Gamling is a popular form of recreational activity that involves wagering on a random event, often in an attempt to win something else of value. Gambling has been a part of human culture for hundreds of years and is still a popular way to spend time today.
There are many types of gambling, such as slots, poker, bingo, and the lottery. Each one is a different game of chance and carries its own risks and rewards. Nevertheless, some forms of gambling have the potential to become a problem, and the terms ‘gambling addiction’ and ‘pathological gambling’ are used to describe this behaviour.
In most cases, problem gamblers are not aware that they have a problem with their gambling habits and do not seek help for them. They may also misrepresent their gambling patterns to others, including friends, family members, and coworkers.
Behaviorally, pathological gamblers are usually very impulsive and may behave in ways that would be considered abnormal in non-problem gambling contexts. These include skipping work, missing appointments, and lying to their spouse or other loved ones about their gambling.
Neurologically, pathological gamblers typically suffer from a reduction in the functional activity of brain regions involved in conflict-monitoring and inhibitory control (Campbell-Meiklejohn et al. 2008).
Cognitively, gamblers often have erroneous beliefs about probability and irrationality. These are referred to as ‘gambling fallacies’ and include misconceptions such as the ‘near-miss effect’, which is when an outcome differs by a small amount from a winning one, or ‘the casino effect’, which is the tendency to perceive patterns in random sequences of events (Gigerenzer 2002).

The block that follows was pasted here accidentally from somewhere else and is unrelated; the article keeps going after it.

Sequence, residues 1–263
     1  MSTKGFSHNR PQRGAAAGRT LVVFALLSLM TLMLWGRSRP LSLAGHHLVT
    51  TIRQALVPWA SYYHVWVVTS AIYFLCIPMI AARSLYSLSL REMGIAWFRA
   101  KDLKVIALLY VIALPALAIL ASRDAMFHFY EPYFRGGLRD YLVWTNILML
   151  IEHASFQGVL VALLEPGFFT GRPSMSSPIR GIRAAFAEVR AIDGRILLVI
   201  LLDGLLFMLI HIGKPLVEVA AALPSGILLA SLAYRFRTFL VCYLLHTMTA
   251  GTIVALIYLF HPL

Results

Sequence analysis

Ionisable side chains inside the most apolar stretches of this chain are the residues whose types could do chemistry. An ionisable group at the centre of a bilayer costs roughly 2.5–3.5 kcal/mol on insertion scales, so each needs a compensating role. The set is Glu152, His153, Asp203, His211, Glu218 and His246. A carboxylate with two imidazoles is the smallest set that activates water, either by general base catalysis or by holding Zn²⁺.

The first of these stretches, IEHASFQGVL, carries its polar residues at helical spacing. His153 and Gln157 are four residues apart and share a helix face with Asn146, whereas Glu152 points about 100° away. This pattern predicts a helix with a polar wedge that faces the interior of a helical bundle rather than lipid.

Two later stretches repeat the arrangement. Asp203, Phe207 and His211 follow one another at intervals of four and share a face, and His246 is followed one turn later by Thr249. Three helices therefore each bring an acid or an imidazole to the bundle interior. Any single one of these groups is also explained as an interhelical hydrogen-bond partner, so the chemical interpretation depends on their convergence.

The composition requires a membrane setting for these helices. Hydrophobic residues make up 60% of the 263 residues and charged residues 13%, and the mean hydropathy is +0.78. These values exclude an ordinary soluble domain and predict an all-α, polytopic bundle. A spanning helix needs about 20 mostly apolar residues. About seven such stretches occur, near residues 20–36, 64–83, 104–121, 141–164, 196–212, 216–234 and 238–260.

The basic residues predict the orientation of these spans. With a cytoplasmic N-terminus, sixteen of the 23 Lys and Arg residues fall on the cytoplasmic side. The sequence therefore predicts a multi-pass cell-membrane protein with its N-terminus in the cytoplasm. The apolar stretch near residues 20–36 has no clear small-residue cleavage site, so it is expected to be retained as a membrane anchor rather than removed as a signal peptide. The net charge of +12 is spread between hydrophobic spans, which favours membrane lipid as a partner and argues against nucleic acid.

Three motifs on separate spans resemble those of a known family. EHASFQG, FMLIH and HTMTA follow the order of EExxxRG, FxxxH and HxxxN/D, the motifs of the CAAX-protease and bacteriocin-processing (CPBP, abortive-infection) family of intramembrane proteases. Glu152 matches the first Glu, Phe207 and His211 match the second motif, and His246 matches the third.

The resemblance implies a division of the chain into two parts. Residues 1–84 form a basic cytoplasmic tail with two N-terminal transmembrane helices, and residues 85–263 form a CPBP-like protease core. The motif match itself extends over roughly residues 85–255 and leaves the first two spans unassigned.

These cognitive distortions have been linked with damage in the lateral prefrontal cortex (LpFC), a region responsible for conflict monitoring, decision-making, and self-regulation. A number of studies have shown that patients with vmPFC damage, which is the main neurocognitive deficit associated with gambling, are poorer at judging probabilities than healthy subjects, and they tend to prefer risky decks over safe ones over a large number of trials.
The distortions associated with gambling are also thought to be rooted in a lack of mathematical knowledge and confidence in the accuracy of statistical models. However, this interpretation is disputed, as gamblers are sometimes not entirely trustworthy in their application of mathematics to gambling.
In a 2005 German study, problem gamblers who played a card game were found to have low levels of electrical activity in prefrontal brain regions that allow people to assess risks and suppress their impulsive impulses. This is similar to the brain activity of drug addicts.
This has raised questions as to whether cognitive interventions that aim to enhance mathematical literacy can be effective in reducing the distortions associated with gambling. Some therapists believe that by presenting gamblers with ‘bare numbers’, they will be less likely to play their favourite games. These interventions are designed to disabuse gamblers of their irrational beliefs and to discourage them from continuing to gamble.